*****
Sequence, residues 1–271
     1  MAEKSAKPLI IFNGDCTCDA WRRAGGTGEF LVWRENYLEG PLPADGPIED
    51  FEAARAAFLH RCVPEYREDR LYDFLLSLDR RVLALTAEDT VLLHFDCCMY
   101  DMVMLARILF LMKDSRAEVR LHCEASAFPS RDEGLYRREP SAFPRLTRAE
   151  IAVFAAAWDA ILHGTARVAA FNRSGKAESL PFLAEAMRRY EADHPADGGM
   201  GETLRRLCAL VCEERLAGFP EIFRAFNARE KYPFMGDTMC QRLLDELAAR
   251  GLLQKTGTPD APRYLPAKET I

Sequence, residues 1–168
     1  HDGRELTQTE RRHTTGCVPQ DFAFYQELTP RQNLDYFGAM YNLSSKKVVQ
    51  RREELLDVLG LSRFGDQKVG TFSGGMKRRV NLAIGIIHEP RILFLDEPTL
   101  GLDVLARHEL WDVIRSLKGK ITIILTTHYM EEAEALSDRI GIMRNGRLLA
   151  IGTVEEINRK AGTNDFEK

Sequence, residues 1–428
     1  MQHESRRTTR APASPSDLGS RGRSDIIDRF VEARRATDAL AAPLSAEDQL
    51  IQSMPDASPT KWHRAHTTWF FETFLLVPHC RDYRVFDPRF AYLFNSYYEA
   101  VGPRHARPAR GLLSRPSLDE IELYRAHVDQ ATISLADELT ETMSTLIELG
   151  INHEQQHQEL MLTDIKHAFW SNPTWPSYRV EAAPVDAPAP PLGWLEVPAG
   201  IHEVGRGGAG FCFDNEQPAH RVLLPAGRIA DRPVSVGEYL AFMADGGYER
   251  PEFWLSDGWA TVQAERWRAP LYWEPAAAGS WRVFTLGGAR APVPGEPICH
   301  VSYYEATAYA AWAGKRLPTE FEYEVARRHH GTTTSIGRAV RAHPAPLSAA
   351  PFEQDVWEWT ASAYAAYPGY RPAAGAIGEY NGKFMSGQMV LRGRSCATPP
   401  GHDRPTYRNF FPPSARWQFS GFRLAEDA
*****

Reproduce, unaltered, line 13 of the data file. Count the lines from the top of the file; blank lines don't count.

Sequence, residues 1–428